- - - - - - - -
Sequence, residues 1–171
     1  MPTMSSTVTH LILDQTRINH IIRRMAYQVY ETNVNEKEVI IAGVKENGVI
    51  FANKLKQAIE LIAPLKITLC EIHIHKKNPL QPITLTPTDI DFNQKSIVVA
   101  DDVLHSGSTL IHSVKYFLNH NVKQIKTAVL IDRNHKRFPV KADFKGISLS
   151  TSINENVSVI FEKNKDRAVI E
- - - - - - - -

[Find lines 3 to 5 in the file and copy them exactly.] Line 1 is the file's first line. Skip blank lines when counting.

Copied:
    51  FANKLKQAIE LIAPLKITLC EIHIHKKNPL QPITLTPTDI DFNQKSIVVA
   101  DDVLHSGSTL IHSVKYFLNH NVKQIKTAVL IDRNHKRFPV KADFKGISLS
   151  TSINENVSVI FEKNKDRAVI E